Rice: W. Bank building may harm talks

Before her meeting with Livni, US secretary of state says she's "very concerned" over J'lem expansion.

Rice Livni 224.88 (photo credit: AP)
Rice Livni 224.88
(photo credit: AP)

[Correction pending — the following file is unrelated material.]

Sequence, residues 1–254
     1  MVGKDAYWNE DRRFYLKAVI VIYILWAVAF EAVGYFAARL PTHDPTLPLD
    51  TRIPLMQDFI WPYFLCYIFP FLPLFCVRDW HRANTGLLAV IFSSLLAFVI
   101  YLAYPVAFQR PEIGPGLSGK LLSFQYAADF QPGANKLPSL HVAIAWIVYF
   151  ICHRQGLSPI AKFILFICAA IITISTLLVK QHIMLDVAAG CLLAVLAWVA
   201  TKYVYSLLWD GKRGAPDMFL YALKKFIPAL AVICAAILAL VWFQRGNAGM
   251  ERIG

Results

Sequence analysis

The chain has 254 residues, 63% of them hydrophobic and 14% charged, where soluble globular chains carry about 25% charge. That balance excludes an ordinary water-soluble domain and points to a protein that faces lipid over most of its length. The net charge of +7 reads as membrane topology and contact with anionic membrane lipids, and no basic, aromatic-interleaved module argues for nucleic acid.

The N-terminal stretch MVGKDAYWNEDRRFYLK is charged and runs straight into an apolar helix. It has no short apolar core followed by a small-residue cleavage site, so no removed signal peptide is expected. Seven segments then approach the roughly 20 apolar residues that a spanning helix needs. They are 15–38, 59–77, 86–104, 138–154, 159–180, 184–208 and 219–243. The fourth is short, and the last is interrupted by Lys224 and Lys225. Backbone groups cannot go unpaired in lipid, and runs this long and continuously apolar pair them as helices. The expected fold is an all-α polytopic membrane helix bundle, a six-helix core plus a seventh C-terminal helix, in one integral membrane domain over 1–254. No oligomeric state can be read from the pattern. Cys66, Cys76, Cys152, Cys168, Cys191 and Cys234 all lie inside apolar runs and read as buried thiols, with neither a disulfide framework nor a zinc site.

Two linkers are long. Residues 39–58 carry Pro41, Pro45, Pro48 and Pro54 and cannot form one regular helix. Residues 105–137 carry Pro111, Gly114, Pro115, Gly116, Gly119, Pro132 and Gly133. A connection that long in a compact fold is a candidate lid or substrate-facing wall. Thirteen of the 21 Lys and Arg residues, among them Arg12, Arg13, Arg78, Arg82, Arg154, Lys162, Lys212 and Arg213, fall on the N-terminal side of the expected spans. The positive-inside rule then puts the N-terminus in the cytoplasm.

Ongoing Israeli construction in areas the Palestinians want for their future state "has the potential to harm the negotiations," said US Secretary of State Condoleezza Rice. As she arrived in Israel on Saturday night for two days of talks, Rice criticized proposed housing expansion in Jerusalem over the Green Line, and speaking in the capital Sunday ahead of a meeting with Foreign Minister Tzipi Livni, Rice said she would bring up the construction issue. "I am very concerned that at a time when we need to build confidence between the parties the continued building and settlement activity has the potential to harm the negotiations going forward," Rice said. "It's important to have an atmosphere of trust and confidence," she told reporters. "Unfortunately I do believe, and the United States believes, that the ... announcements taking place are having a negative effect" on talks. Livni said that the situation in the Middle East, "like always," was complicated. "While negotiating with the Palestinians, we also need to address difficulties on the ground, especially the situation in the Gaza Strip, which is controlled by Hamas," she said. As Rice arrived, she appeared more exasperated with the Israeli construction than she has in past condemnations of announcements of building plans that have often come just before or after her visits in the past 18 months. "Unfortunately, there have been a few [building plans], whether I'm coming or not," Rice told reporters on her plane. "Look, it's a problem, and it's a problem that we're going to address with the Israelis. "This is obviously a road map obligation that is not being met," she added. Her comments came in response to Palestinian anger over the Interior Ministry announcement on Friday of plans to build 1,300 homes in the Jerusalem neighborhood of Ramat Shlomo, which is over the Green Line. Palestinians temporarily called off peace talks earlier this year over Israeli plans to build homes in east Jerusalem. "Especially the issue of the new settlement units will be discussed," Abbas aide Nimr Hamad said. "The United States should exert real pressure on Israel and not just make statements. That's what we'll ask for from Secretary Rice." "The settlements are the main obstacle in the peace negotiations between Israel and the Palestinians," Abbas said Sunday, adding that he still hoped that an agreement can be reached by the end of the year "so long as the conditions necessary for this are met, especially removing settlements." Abbas also discussed with Rice the efforts to achieve a truce between Israel and Hamas, which, he said, would "end the Palestinian people's suffering and remove the blockade from Gaza." But an Israeli official dismissed the Palestinian criticism as "merely going through the motions." Prime Minister Ehud Olmert's spokesman Mark Regev said that, "everyone understands that in any final status agreement Jewish neighborhoods will be part of Israel, and creating controversy over these neighborhoods is in no way contributing to moving the peace process forward." After meeting Livni, Rice will hold separate talks with Defense Minister Ehud Barak before traveling to Ramallah for discussions with the Palestinian leadership. She will wrap up her first day of meetings with a dinner in Jerusalem hosted by Olmert. On the agenda during the talks will be the Palestinian peace track, the situation in Gaza, the contacts with Syria and other regional issues including the efforts to stop Iran's nuclear program. With just over six months remaining before President George W. Bush leaves office, the Rice visit is part of US efforts to encourage Israel and the Palestinians to clinch a framework final status agreement before the end of the year according to the vision outlined at the Annapolis peace conference in November. Bush said Friday that he was confident that a Middle East peace deal was possible in 2008, as he delivered the keynote speech of a farewell trip to Europe. "I firmly believe that, with leadership and courage, a peace agreement is possible this year," Bush said at the Paris headquarters of the Organization for Economic Cooperation and Development. During her visit, Rice will hold two separate trilateral meetings. She will meet with the heads of the final status negotiating teams, Livni and her Palestinian counterpart Ahmed Qurei. The second trilateral gathering will be with Barak and PA Prime Minister Salaam Fayad. These talks will focus on steps taken by both sides to implement the road map. Barak will stress that Israel continues with its policy of gradually taking steps to ease the day-to-day life of Palestinians in the West Bank. AP contributed to this report